It’s been about two weeks since a suspected Chinese surveillance balloon entered American airspace late last month. In that time China’s response has shifted from conciliatory to indignant, and now, as the fallout continues, to outright confrontational.
While China’s increasingly hardline stance plays to its domestic audience, it’s also served to expose the inconsistencies and inherent contradictions in Beijing’s messaging – severely damaging its credibility, analysts say.
On Monday, Beijing accused Washington of “illegally” flying high-altitude balloons over its airspace more than 10 times since last year, calling the US the “world’s largest surveillance empire.”
The claim – made without any detail or evidence – was swiftly denied by the White House, which described the allegation as “the latest example of China scrambling to do damage control.”
The accusation marks a notable escalation in China’s response, and stands in stark contrast to its initial attempt at crisis management. Beijing offered a rare expression of “regret” soon after the discovery of the balloon over Montana, claiming the device was a civilian research airship blown off course.
But the political and diplomatic repercussions have prevented the balloon incident from drawing to a close as quickly as Beijing might have hoped.
When it became apparent the controversy would continue to dominate US headlines and public attention, Beijing’s contrition turned to ire.
After American fighter jets shot down the balloon on February 4, China’s Foreign Ministry accused the US of “overreacting” and “seriously violating international practice.”
The following week, as American officials revealed more information on what they call the spy balloon and the vast surveillance program behind it, Chinese state media blamed the US for engaging in “political performance art” and “hyping up” the “China threat.”
Now, Beijing appears to be going on the offensive with its counter-claim about US balloon intrusion.
Collin Koh, a research fellow at the S. Rajaratnam School of International Studies in Singapore, described China’s claims as “a sort of one-upmanship tit-for-tat against Washington’s accusations.”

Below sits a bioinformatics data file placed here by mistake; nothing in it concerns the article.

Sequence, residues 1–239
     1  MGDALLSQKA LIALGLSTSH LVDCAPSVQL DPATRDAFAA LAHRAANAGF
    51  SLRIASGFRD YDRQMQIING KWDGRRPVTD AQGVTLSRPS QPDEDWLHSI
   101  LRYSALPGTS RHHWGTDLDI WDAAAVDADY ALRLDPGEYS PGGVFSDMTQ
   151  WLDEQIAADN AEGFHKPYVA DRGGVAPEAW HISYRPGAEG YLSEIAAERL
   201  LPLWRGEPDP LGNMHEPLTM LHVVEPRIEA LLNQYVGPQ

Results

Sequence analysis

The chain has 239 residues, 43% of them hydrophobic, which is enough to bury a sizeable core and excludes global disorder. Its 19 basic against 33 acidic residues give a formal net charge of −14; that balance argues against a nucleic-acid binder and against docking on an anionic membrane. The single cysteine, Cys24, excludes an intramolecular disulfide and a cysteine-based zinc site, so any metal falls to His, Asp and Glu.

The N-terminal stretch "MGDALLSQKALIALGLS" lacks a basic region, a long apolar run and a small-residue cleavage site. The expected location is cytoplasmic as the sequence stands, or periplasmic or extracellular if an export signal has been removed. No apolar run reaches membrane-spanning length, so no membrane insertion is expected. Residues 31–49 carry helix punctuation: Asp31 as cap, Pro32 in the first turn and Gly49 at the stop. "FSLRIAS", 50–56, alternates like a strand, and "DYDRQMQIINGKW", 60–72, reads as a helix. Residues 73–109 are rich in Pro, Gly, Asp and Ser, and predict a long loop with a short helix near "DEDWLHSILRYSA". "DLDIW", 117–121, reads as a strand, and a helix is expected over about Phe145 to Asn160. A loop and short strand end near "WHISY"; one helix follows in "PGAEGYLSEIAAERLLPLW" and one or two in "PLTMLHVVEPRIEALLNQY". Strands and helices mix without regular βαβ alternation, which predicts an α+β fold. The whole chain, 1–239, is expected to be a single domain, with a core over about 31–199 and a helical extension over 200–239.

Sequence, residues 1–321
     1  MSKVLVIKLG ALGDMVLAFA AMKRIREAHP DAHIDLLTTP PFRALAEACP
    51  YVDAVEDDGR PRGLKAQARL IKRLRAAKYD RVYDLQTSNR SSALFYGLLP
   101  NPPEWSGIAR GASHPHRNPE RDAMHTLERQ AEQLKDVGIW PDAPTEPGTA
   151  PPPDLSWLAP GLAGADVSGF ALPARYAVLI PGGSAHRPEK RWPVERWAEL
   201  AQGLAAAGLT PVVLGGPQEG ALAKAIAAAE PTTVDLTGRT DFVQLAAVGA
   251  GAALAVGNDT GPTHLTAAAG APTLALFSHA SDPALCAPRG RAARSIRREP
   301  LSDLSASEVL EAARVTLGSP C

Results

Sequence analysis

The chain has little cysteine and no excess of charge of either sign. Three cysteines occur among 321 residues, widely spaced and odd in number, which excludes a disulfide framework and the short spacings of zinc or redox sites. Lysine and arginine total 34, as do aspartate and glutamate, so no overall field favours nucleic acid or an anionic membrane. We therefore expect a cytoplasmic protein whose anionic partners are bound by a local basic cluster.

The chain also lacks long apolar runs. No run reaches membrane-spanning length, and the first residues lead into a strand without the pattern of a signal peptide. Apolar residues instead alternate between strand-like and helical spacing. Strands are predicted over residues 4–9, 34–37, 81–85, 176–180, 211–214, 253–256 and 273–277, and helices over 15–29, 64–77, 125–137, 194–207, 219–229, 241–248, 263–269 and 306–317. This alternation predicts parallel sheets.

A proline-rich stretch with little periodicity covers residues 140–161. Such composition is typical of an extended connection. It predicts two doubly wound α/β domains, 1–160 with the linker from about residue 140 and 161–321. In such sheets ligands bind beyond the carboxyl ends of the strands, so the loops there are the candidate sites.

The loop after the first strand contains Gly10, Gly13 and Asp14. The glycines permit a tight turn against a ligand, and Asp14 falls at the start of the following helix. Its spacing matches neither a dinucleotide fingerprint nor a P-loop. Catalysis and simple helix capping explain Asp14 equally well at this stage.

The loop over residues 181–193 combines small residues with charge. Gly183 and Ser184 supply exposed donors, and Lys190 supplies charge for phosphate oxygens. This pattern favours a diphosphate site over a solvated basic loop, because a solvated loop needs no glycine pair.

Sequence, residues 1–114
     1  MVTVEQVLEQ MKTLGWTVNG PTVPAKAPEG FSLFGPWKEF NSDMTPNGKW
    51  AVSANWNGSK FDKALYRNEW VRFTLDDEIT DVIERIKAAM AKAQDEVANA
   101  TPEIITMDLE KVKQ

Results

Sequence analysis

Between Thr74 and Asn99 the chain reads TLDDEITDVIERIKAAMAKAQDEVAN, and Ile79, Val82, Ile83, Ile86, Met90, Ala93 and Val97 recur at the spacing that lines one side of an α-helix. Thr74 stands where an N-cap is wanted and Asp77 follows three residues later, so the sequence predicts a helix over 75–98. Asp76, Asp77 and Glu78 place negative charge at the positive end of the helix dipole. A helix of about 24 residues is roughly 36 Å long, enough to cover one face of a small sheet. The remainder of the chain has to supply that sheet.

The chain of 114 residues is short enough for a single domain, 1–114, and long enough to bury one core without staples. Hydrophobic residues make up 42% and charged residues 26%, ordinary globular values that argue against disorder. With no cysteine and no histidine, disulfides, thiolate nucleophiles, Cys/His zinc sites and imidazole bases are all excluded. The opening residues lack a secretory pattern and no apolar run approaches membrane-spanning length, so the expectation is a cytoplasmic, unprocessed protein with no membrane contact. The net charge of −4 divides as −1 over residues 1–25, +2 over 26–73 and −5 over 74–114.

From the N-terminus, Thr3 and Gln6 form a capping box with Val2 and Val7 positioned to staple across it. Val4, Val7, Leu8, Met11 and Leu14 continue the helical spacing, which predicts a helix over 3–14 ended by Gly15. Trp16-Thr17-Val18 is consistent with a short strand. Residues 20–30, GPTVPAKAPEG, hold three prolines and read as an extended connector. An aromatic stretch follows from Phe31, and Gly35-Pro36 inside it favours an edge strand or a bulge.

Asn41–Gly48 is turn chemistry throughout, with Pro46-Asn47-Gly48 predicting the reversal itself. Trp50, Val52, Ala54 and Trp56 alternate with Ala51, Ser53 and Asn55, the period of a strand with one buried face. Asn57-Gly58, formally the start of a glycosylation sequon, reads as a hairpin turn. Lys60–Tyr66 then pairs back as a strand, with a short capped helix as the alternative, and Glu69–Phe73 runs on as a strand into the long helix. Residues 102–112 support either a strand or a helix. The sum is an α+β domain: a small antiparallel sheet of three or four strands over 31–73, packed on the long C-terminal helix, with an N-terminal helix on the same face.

“It appears more like Beijing is trying to also portray itself as a victim of US surveillance, instead of being painted over the past week as an aggressor,” he said.
On Monday, a Chinese Foreign Ministry spokesperson also accused the US of frequently sending warships and planes to carry out close-range reconnaissance against China, which the spokesman claimed amounted to a total of 657 times last year – and 64 times this January in the South China Sea.
Drew Thompson, a senior research fellow at the Lee Kuan Yew School of Public Policy at the National University of Singapore, called China’s latest tactic “a large case of what-aboutism.”
“They’re not addressing the gross violation of US sovereignty that occurred with the surveillance balloon over Montana. They are trying to see perhaps some sort of false equivalency but they’re they’re struggling to do that. I think they’re largely signaling their own population to ensure that they’re not overly caught up in the contradiction of China’s position,” he said.
“And it’s been quite contradictory. And it’s largely directed towards the domestic audience, which is why I think it lacks credibility with the other countries.”
Thompson, a former US Defense Department official, said the US military does use balloons, both tethered and high-altitude, for surveillance, but they are “very careful” to make sure they do not go into other countries’ airspace unless it’s a cooperative operation.
The US has trained using balloons for surveillance with allies and partners, including with the Philippines in 2022 as part of their annual joint military exercises, according to Thompson.